We kicked things off with some desk research, which saw us interviewing industry leaders, commissioners and independent production company staff, and exploring successful models from Sweden and Australia.
We also surveyed 800 film and TV crew members, to find out what their preferences would be, and the results were clear. Not only did a staggering 98% say they were interested in a shorter working day, 71% of those said they would be prepared to reduce their day rate in order to work fewer hours.
So, armed with our findings, we created a blueprint for an eight-hour day – and took it on set to stress-test it.
Going on set to shadow two live productions
Our team visited two live productions in Scotland, shadowing their work and talking to everyone involved, from commissioners, writers and cast to crew members, directors and editors. We asked them to consider what they could be doing differently at each stage to adapt to a shorter working day; and by doing so in the moment, were able to capture some unusually granular detail about what would (and wouldn’t) work.
As you can probably imagine, our findings were broad and deep; you can read them in full in our report. But key takeouts included:
- Myths around the barriers to a shorter day were possible to bust and were often based on incorrect assumptions about one department from another. For example, we were told that deadlines hampered writers’ creativity, which the writers themselves said wasn’t true; we found similar misconceptions around the cast’s views on lunch breaks and make-up artists’ on schedules. Many of the perceived barriers were, in reality, not barriers at all.
- Delivering scripts two weeks in advance of filming blocks could be a gamechanger because of the impact this has on every part of the production. Having a locked-in script in good time makes the schedule tighter, which has a positive knock-on effect on the budget (as well as making everyone’s jobs easier).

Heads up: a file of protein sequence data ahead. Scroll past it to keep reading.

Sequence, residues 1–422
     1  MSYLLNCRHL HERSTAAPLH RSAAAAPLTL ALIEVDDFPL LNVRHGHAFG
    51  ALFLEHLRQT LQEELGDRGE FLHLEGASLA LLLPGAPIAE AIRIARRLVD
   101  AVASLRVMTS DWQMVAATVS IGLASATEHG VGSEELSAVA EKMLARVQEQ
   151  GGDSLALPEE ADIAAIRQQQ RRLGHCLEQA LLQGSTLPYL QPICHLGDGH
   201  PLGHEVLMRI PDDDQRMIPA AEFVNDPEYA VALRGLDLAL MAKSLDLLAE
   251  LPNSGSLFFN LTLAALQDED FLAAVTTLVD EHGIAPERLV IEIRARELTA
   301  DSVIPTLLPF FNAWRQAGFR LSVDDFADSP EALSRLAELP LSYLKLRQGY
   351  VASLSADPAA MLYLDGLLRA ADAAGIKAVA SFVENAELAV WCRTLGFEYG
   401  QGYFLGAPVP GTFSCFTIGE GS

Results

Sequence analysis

- And critically, implementing a shorter day would cost less than anyone expected; moving from a 10-hour working day to an eight-hour one increased overall costs by just 4%. At this kind of figure, it’s commercially viable in the short term – and that’s not even factoring in the longer-term potential benefits of less-stressed employees who stay in the industry for longer.
We’ve scoped it; now it’s time to pilot it
We’ve used all our findings to revise our blueprint, creating a retrospective budget and schedule for both productions, with support from Assistant Directors and Line Producers. We’ve also produced a set of guiding principles to help commissioners and production companies understand what good practice and efficiency planning looks like within an eight-hour working day.
So now we’re asking the industry to pick up where we’ve left off; to take our blueprint and guidelines from the report and pilot them on a live production. We’re already talking to several commissioners about making this happen, and would be happy to speak to anyone else who feels ready to blaze this trail. Film and TV is a highly creative industry, packed with creative people; it’s time to apply that creativity to the working day.
Published February 2024